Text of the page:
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Enjoy a cup of coffee,

Cup of Coffee_edited.jpg

Grab a cuppa and and perhaps reach for the Mohawk Trilogy. After all, you may try to ignore colonial misdeeds, but, really, you know better. You cannot ignore the voices of the unavenged. If Indigenous residential school tragedies have taught us nothing else, they have taught us that.


Minsos tells a tale of wretched malfeasance, one that rivals David Grann's story of the Osage Nation located in Oklahoma: Killers of the Summer Moon.


Martin Scorsese has just completed the filming of Grann's book.


Six Nations' musician Robbie Robertson (1943-2023) wrote the score.


Here's an irony. Robertson's matrilineal family hails from the Grand River Settlement. Robertson might have written the score for yet another gross tragedy, a story of rampant theft and mass starvation in the 1840s, a terrible story, which, in place, space, and roots, is far closer to his reality (than Oklahoma of the 1920s). Writers Grann and Minsos share a mission: They let the contemporary world know, in the best way they can, why speaking out matters. Even semi-open societies try to keep silent about past follies.

From Wikipedia

"Frequent Scorsese collaborator Robbie Robertson, the principal songwriter for The Band, composed the score, which critics have described as "old-timey," "bluesy," and "percussive." The film also features a soundtrack of popular music from the 1920s and Native American songs. It was Robertson's final completed film score before he died, August 2023."

If you believe Robertson and his musical legacy will never leave us, good for you. You you and I may just find Robbie enjoying a cuppa at Nick's Cafe, Somewhere Down the Crazy River.

S. Minsos is a Canadian Author and philosophical theorist who has written seven published novels and academic works including the Mohawk Trilogy and the Culture Club Series, with its most recent addition to the series, her newly released book, Culture Clubs: The Real Fate of Societies.


All times and places mentioned in Minsos' novels are based on fact. The arc of the narrative is cast from the adventures and trials of her great-great-grandparents, Mohawk-Oneida (Grand River Settlement) Tehawennihárhos (Squire Davis) and Scottish immigrant Jennet Ferguson. Matters come to a head when Tehawennihárhos and Jennet tangle with David Thompson 1, his ruthless employees, the complicit military, and Thompson's Indigenous allies. Thompson was the builder of Ruthven Hall in the canal town of Indiana and a nefarious former director of the Grand River Navigation Company. The protagonists observe, first-hand, the scandalous activities of the Grand River Navigation Company and the Navigation's shoddy, unlawful treatment of the Haudenosaunee, many of whom starved to death because the nations had no access to their wealth, which without council's consent was being invested in the Navigation.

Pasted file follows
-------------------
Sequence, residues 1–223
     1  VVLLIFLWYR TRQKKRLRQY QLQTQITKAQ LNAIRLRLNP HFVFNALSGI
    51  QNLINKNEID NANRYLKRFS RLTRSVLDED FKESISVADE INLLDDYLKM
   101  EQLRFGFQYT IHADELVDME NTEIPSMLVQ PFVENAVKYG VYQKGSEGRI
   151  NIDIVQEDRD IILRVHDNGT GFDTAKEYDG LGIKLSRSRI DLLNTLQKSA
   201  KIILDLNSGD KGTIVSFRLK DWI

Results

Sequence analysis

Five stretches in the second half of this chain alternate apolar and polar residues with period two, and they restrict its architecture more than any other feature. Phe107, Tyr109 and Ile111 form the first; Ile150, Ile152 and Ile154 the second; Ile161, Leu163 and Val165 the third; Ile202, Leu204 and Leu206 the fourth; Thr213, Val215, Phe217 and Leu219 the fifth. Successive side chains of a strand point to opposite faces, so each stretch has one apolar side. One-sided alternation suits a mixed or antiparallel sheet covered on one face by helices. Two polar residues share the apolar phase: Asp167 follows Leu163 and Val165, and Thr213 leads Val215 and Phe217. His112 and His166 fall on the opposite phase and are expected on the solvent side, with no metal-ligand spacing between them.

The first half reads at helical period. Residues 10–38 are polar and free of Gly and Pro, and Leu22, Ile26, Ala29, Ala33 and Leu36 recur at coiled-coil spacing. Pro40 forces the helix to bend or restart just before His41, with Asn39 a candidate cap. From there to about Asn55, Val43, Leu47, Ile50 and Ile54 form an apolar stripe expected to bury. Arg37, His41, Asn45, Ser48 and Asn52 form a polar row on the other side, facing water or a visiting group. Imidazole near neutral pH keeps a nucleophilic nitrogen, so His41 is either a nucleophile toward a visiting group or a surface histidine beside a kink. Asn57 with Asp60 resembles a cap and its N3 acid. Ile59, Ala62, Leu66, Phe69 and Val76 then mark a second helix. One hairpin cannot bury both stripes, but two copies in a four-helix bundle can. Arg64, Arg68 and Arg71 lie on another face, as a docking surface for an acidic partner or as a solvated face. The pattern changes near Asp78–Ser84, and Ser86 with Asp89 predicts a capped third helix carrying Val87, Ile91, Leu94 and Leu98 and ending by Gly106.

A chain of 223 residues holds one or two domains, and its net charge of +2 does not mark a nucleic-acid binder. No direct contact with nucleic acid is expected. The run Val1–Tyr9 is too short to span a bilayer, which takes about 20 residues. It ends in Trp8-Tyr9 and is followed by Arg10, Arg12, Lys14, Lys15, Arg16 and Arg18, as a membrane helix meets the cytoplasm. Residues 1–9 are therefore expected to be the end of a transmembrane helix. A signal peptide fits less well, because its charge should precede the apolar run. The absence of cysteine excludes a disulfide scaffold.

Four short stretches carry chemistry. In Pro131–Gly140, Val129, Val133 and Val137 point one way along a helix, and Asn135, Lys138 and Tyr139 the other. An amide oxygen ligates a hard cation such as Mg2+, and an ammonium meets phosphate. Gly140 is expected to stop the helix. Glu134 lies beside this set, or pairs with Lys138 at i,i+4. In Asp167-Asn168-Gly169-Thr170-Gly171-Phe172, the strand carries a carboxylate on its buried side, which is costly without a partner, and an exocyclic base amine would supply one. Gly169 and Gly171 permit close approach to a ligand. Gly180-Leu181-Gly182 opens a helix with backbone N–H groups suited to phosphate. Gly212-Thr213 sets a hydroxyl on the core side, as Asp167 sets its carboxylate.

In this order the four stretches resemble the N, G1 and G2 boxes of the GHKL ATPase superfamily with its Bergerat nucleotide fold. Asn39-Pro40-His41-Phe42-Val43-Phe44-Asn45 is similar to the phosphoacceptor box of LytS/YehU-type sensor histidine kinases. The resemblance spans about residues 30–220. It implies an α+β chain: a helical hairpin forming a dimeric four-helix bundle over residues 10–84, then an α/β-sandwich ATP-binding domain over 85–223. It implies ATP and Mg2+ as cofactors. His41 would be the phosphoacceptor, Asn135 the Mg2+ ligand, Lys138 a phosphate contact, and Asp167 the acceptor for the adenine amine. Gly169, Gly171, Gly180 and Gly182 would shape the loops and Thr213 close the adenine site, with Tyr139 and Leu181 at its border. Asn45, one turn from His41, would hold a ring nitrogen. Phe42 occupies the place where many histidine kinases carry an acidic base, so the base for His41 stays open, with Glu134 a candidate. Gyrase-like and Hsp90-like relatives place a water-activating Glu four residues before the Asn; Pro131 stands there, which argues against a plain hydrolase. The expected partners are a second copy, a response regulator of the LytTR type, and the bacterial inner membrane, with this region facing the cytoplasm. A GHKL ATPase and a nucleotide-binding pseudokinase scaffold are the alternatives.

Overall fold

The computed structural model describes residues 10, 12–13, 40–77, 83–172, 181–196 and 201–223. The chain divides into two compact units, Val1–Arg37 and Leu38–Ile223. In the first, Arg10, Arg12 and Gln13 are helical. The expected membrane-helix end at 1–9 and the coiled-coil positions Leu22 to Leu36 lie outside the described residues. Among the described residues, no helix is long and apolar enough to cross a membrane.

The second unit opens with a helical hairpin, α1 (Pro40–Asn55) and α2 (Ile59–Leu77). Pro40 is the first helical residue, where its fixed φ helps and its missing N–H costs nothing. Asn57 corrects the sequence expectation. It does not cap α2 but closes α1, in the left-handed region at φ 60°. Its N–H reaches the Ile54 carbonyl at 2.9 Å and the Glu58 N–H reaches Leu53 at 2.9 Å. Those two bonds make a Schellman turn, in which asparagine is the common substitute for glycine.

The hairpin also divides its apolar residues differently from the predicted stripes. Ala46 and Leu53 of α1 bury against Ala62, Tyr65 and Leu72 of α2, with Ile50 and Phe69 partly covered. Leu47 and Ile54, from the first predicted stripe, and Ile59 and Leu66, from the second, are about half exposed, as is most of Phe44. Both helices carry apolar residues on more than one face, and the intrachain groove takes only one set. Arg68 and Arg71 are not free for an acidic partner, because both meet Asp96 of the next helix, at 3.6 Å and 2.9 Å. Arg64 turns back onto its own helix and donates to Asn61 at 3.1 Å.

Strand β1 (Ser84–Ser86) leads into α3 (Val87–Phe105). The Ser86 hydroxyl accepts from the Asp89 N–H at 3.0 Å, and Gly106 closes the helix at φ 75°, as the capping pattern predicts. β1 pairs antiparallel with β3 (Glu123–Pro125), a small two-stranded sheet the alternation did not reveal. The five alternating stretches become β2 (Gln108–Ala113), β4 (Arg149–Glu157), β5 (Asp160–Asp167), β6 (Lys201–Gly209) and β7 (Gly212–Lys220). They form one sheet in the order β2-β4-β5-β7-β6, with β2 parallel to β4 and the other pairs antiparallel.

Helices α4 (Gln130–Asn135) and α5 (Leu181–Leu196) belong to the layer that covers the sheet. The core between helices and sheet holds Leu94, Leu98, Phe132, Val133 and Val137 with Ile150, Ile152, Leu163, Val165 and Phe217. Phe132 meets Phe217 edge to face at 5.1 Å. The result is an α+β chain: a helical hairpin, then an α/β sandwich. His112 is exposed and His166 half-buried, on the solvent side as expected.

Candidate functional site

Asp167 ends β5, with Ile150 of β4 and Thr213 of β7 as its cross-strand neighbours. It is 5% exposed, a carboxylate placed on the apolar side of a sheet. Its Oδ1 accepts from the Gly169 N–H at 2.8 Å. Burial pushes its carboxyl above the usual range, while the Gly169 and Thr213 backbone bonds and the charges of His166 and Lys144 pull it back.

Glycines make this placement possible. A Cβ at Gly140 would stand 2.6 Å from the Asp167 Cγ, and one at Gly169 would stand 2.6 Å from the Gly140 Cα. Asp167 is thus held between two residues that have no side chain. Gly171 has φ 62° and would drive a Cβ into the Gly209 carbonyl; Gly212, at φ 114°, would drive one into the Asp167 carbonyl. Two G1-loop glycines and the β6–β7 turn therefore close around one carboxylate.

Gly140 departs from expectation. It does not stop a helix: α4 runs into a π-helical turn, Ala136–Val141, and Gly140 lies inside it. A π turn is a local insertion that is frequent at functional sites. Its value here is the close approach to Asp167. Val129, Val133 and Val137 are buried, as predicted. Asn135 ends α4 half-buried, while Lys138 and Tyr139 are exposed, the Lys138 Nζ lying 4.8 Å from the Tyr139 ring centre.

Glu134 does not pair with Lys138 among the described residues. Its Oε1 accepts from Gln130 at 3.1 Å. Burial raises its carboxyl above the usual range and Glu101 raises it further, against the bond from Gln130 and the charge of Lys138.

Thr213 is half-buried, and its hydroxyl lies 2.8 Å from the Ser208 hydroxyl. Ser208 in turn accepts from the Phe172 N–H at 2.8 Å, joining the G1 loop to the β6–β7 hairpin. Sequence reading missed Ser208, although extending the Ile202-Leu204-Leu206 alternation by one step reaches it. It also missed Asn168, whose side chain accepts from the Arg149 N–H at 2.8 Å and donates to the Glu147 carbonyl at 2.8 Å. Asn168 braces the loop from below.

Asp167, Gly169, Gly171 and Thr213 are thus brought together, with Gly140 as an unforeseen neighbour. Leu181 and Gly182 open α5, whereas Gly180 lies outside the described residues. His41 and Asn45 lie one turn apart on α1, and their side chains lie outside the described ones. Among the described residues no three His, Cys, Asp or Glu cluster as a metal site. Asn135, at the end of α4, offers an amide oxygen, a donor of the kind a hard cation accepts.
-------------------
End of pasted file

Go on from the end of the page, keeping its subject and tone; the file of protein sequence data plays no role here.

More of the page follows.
*Disclaimer: Characters, if real, are fictionalized.


In 2017 the Grand River Saga was recognized for courage, accuracy and verisimilitude in fiction: S. Minsos was awarded a Canada Bicentennial pin for Books 1 & 2 of the Mohawk Trilogy for their contribution to the truth and reconciliation of First Nations, Inuit and Métis.


In 2018 Foreword Magazine reviewer Lillian Brown accorded Book 3 of the Mohawk Trilogy, Sky Walker: Tehawennihárhos Charter, the magazine's highest designation: five stars: "The satisfying third and final book in S. Minsos’s historical trilogy, Sky Walker Tehawennihárhos Charter follows the nineteenth-century disruption to Indigenous lands caused by European and American settlers." The Navigation's story needed to be told.

Researching the family of Squire Davis, Minsos discovered Bruce E Hill's book at Iroqrafts: The Grand River Navigation Company. Hill documents the great theft. There could be millions of dollars involved in a settlement. Perhaps that's why a deathly silence greets anyone writing about this tragic event.


Let us not silence the chroniclers. We must know the truth and grapple with the facts, however displeasing. If the past has a story to tell we should hear it. We might see a bit of our wonderful selves  – or our enemies – in Thayendanegea, Squire Davis, Jennet Ferguson, William Ferguson (Sr and Jr), Barton Farr, David Thompson 1, Lucille Goosay, Jeddah Golden, Nellah Golden, Jake Venti, Aughguaga Polly, Sara Johnson, Lizzie Bosson, Bride Munny, Boy Hewson, to name a few of the trilogy's colourful characters.

1 Jennie Butler, Effie Burr, Birdie Burr (granddaughters of Squire Davis and Jennet Ferguson) 2 Emily Pauline Johnson. 3 Chief George H.M. Johnson and Emily Howells. 4 David Thompson1


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